Drawing text on a path in Compose Desktop with Skia

February 10th, 2022

Earlier in the Compose Desktop / Skia explorations:

Today, it’s time to take a look at how to leverage Skia to draw texts on paths:

Android’s Canvas class comes with a few API variants of drawing texts on paths, and those APIs are available to use in your Compose code running on Android via Compose’s Canvas.nativeCanvas. At the present moment, there is no such API available in Compose Desktop, and this article introduces just such the functionality for you to play with.

If you’re not interested in the particular details, you can head straight to the full implementation. Otherwise, let’s dive in.

First, the overall approach is going to be:

  • Get the text metrics (details on the width and horizontal position of each glyph within the text)
  • Get the path metrics for mapping each glyph to its position along the path
  • Get the position of each glyph on the path
  • Get the tangent of the path at that position to determine the glyph’s rotation
  • Create a combined translation + rotation matrix for each glyph
  • Create a combined text blob that contains position and rotation of all the glyphs
  • [Optional] Draw the shadow for that text blob
  • Draw that text blob

Now, let’s take a look at each step. We start with getting the text metrics. Note that at the present moment, there is no public bridge API that can convert Compose’s TextStyle into Skia’s Typeface or Font, so in the meanwhile we use the default typeface.

val skiaFont = Font(Typeface.makeDefault())
skiaFont.size = textSize.toPx()

// Get string glyphs, and compute the width and position of each glyph in the string
val glyphs = skiaFont.getStringGlyphs(text)
val glyphWidths = skiaFont.getWidths(glyphs)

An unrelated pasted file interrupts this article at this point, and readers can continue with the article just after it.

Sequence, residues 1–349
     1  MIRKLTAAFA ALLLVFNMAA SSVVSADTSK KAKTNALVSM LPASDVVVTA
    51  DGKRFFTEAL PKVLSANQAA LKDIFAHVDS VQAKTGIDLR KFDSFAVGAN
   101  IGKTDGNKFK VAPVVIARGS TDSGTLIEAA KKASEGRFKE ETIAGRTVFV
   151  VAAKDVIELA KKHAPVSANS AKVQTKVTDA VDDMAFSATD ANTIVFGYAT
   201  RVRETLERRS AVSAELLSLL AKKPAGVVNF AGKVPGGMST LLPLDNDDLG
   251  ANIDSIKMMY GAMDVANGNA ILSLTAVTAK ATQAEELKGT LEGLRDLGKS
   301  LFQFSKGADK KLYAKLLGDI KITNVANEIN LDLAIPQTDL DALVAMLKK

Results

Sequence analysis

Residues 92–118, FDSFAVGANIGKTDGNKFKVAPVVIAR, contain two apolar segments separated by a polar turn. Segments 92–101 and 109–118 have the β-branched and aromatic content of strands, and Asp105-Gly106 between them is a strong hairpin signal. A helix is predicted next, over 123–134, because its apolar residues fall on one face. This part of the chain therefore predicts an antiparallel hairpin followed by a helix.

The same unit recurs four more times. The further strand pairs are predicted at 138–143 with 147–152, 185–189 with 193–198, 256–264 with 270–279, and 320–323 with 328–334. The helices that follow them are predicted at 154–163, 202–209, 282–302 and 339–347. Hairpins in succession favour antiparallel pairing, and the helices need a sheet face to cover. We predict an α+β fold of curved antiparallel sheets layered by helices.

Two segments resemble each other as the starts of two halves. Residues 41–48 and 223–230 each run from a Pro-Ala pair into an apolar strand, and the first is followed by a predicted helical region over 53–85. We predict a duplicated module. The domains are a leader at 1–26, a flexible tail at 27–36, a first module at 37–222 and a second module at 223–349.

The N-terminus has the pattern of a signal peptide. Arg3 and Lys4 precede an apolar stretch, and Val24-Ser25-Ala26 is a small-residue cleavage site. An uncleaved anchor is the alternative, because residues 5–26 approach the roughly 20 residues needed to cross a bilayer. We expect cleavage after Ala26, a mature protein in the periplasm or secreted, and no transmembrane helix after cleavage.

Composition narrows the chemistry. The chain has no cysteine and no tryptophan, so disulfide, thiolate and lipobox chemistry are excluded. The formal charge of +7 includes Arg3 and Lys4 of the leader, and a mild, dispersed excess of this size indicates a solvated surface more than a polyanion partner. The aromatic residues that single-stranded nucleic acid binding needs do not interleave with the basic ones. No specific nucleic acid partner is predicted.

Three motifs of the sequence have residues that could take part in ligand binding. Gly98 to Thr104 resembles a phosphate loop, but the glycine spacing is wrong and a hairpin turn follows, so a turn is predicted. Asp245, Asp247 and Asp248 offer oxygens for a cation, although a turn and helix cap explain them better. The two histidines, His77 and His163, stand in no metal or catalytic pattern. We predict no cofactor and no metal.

val glyphPositions = skiaFont.getPositions(glyphs, Point(x = offset.x, y = offset.y))

Here, we’re using Skia’s Font APIs to get detailed metrics about each glyph – how wide it needs to be, and where it needs to be positioned (horizontally and vertically) if drawn along a straight line accounting for the specified offset.

Next, we’re getting the path metrics:

val pathMeasure = PathMeasure(path.asSkiaPath())

Next, we determine the start position of our text along the path based on the path pixel length, the text pixel length (based on the position and the width of the last glyph) and the requested text alignment. Note that here we do not support RTL or mixed direction texts.

val pathMeasure = PathMeasure(path.asSkiaPath())
// How long (in pixels) is our path
val pathPixelLength = pathMeasure.length
// How long (in pixels) is our text
val textPixelLength = glyphPositions[glyphs.size - 1].x + glyphWidths[glyphs.size - 1]
// Where do we start to draw the first glyph along the path based on the requested
// text alignment
val textStartOffset = when (textAlign) {
    TextAlign.Left, TextAlign.Start -> glyphPositions[0].x
    TextAlign.Right, TextAlign.End -> pathPixelLength - textPixelLength + glyphPositions[0].x
    else -> (pathPixelLength - textPixelLength) / 2.0f + glyphPositions[0].x

Now it’s time to start looking at each glyph to determine its position along the path, as well as how much it needs to be rotated to “follow” the curvature of the path at that particular position. Also, we need to decide what to do with the glyphs that do not fit into the path’s span. While it might be tempting to extrapolate the path beyond its starting and ending point, in this implementation we take a “safer” route and do not display glyphs that cannot fit.

First, we start with a couple of lists to keep track of visible glyphs and their matching transformation matrices, and start iterating over glyphs:

val visibleGlyphs = arrayListOf()
val visibleGlyphTransforms = arrayListOf()

// Go over each glyph in the string
for (index in glyphs.indices) {

Each glyph needs to be positioned along the path and rotated to match the curvature of the path at that position. Depending on the “nature” of the path, we are going to have more or less space between neighboring glyphs. For example, if you draw text along the outside of a tight curve, there’s going to be more space between the glyphs. On the other hand, if you draw the same text along the inside of the same curve, the glyphs are going to get crowded or might even start overlapping. There’s not much we can really do about that without morphing each glyph, which goes well beyond the scope of this article.